New Delhi: Lenders will soon be able to access information on the credit worthiness of a borrower and check whether a property has already been mortgaged, tapping a single source.
The central mortgage registry and Credit Information Bureau (India) Ltd (Cibil) have formed a partnership to jointly provide access to banks and financial institutions to data related to credit worthiness of a borrower in an effort to curb rising property loan fraud and bad debts.
The central registry of Securitisation Asset Reconstruction and Security Interest of India (CERSAI) and Cibil signed an agreement on Monday to synchronize their websites. Lenders who log on to the website of CERSAI will get access to information available with Cibil as well.
“While CERSAI has information regarding mortgages, Cibil has information regarding the borrower,” said R.V. Verma, chief executive and managing director of CERSAI. “Both together can provide a lot of synergies, which will lead to more efficient pricing by the lenders.”
CERSAI, an electronic registry which maintains records of all properties that are mortgaged with banks or other financial institutions, was launched in April last year as a Section 25 company to prevent fraudulent multiple borrowings against the same property. A Section 25 company is a not-for-profit company registered under the Companies Act.
The database of Cibil, the country’s largest collector of data on borrowers, is used by banks and other financial institutions to check the loan repayment record of a borrower. A borrower with a good Cibil score is more likely to get loans from banks and that too at competitive rates.
While Cibil has information on 210 million records, CERSAI has a record of 7.5 million transactions where a property is mortgaged.
M.V. Nair, chairman of Cibil, said the tie-up will reduce costs for banks and housing finance companies.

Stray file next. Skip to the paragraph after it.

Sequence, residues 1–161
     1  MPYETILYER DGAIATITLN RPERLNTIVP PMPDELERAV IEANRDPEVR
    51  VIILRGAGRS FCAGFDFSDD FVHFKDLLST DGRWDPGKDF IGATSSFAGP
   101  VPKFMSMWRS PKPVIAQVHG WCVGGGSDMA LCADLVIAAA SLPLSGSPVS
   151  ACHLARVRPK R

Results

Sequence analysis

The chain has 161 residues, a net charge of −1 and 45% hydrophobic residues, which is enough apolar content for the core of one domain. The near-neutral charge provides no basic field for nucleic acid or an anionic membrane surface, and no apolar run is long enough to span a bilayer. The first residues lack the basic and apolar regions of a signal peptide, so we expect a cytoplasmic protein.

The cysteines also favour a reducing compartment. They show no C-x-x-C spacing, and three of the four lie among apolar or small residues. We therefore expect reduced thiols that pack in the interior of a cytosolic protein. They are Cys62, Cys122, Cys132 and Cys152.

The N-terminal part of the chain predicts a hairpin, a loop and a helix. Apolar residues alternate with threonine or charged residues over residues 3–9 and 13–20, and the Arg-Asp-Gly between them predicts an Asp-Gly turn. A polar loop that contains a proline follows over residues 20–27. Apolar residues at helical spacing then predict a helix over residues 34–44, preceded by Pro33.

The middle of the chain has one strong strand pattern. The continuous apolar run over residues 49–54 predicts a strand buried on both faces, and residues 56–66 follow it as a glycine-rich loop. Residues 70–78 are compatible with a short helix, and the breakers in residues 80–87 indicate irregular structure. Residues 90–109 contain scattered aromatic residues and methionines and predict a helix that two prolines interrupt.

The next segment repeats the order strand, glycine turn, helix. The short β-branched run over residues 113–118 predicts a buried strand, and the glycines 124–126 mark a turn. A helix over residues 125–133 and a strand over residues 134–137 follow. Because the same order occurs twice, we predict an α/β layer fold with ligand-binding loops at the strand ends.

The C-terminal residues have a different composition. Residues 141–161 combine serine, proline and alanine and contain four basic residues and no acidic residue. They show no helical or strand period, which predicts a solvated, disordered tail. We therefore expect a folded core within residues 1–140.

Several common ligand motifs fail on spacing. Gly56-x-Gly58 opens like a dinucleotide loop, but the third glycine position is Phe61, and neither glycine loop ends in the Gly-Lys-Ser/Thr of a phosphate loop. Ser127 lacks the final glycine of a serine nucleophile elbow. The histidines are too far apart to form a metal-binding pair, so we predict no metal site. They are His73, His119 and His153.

“At present, information gathering about borrowers and security is an expensive process. If correct information is not available, it could lead to a wrong decision by the lender,” Nair said.
Bank credit to housing as on 19 October was at Rs.4.28 trillion, a rise of 12% from a year earlier, according to data available with the Reserve Bank of India.
The scope of the central registry, which is restricted to immovable properties in the housing and commercial real estate segments, will be expanded to cover factoring also, said Verma.
The registry is also looking to bring under its ambit the entire portfolio of existing mortgages and is in talks with cooperative banks and some non-banking financial companies to make them register their records with CERSAI. Currently, around 95% of the mortgages are covered under CERSAI, Verma said.
Under the Securitization and Reconstruction of Financial Assets and Enforcement of Security Interest Act, 2002, it has been made mandatory for banks and other lenders to file details about mortgages with CERSAI.
“This will bring down the operational costs to some extent. But more than costs, it is the convenience that a lender can check the sale details of a particular property and the previous history of default of a borrower through one website,” said Maneesh Srivastava, chief executive of Muthoot Housing Finance Co. Ltd. “It will help avoid potential credit losses in the future.”